Costa Rican President Carlos Alvarado signed into law on Thursday the Ley de Educación y Formación Dual (Law of Education and Dual Training), which will allow students to participate in vocational training in addition to their classroom studies.
President Alvarado and supporters of the law say it will help Costa Rican students prepare for the modern job market, while some students have protested the program, arguing it will treat them like a “cheap workforce.”
“Opportunities for all people will help this country improve,” President Alvarado said at a press conference after signing the law. “Thanks to what has happened here [students] will be able to gain experience, and even receive a recommendation.”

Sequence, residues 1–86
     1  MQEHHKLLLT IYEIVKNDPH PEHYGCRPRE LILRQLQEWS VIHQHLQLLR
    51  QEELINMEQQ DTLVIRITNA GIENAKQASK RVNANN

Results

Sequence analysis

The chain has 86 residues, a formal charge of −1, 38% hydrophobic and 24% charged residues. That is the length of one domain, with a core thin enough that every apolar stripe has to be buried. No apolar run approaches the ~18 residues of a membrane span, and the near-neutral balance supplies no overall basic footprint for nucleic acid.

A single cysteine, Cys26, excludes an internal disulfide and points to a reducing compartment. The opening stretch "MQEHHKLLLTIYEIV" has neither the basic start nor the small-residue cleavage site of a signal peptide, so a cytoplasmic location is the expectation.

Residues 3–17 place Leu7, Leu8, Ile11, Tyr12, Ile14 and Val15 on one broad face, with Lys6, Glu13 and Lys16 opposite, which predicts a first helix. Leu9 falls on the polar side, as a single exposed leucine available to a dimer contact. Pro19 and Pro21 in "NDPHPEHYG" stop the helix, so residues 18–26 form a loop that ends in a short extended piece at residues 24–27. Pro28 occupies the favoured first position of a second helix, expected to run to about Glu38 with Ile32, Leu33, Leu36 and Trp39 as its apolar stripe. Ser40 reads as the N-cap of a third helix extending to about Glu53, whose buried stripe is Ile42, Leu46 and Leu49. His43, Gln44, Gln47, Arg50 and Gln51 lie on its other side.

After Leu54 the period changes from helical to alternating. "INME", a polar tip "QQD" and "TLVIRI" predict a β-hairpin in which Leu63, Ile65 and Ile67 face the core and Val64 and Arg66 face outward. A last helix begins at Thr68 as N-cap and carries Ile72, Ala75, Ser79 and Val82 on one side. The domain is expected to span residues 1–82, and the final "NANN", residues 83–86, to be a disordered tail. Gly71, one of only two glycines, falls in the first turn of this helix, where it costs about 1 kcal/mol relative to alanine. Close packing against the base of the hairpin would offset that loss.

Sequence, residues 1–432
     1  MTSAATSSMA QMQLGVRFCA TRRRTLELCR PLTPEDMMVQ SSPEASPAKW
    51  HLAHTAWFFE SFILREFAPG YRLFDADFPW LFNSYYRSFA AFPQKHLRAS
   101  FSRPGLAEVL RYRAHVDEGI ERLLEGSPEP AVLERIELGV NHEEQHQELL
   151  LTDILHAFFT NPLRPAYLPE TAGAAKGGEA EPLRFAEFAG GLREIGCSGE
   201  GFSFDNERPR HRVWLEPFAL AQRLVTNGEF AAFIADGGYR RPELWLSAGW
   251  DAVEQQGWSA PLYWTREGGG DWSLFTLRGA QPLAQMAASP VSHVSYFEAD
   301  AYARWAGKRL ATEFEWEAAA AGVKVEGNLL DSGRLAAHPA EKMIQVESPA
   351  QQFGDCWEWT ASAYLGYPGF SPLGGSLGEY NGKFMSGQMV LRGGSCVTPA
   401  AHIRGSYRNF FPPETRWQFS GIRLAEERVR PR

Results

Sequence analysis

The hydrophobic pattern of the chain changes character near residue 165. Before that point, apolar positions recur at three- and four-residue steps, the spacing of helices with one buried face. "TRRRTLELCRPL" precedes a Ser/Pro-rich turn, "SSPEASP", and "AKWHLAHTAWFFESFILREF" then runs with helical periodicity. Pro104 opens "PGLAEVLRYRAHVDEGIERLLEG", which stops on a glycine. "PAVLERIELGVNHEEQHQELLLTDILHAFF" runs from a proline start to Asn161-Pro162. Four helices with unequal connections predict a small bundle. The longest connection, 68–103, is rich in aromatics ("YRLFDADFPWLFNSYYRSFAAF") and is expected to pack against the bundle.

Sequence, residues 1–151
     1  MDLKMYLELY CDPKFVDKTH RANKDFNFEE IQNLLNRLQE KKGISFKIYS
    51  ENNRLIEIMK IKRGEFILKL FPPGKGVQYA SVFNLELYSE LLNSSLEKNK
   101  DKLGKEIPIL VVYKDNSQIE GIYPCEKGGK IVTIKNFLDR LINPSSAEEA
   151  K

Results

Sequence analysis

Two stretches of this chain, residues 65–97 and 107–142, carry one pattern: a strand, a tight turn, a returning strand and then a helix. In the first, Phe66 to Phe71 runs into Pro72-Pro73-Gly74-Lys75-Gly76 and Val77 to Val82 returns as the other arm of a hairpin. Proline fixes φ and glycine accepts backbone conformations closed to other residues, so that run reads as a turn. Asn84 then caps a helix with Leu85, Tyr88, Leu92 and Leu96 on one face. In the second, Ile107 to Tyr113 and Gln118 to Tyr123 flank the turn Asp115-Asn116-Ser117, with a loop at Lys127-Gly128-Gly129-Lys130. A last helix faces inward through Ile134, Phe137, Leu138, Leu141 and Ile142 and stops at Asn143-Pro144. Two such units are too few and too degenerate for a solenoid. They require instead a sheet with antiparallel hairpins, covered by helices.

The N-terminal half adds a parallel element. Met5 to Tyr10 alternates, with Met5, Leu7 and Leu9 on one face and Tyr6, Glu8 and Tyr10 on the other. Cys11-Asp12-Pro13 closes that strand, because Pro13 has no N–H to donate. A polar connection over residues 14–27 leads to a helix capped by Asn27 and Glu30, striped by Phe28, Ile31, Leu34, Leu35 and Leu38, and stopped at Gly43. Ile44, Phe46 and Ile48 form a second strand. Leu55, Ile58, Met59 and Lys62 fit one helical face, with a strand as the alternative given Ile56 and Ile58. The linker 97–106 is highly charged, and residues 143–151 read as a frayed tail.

Students over the age of 15 at Costa Rican colleges and universities will be eligible to participate in the dual-education program.
“That is important, because one of the biggest bottlenecks our youth have to access work is their lack of experience,” Alvarado said. “Unemployment in our young adults exceeds 20%, and the main bottleneck is experience.”
President Alvarado said the law will facilitate students’ path into the job market and benefit Costa Rican companies by developing a highly skilled workforce.
“That is the only way Costa Rica will remain competitive in this world — with quality, and with its people,” he said.
In a statement, the Chamber of Industries of Costa Rica (CICR) said it supports the new legislation.
“The signing of the dual education project pays off a debt that the country had with our youth, with employment, with workers in general and with companies,” the CICR statement reads. “The legal framework that is signed today will positively impact the industry, current students and workers who require learning new skills and abilities in a practical and agile way and thus increase their chances of entering a changing labor market.”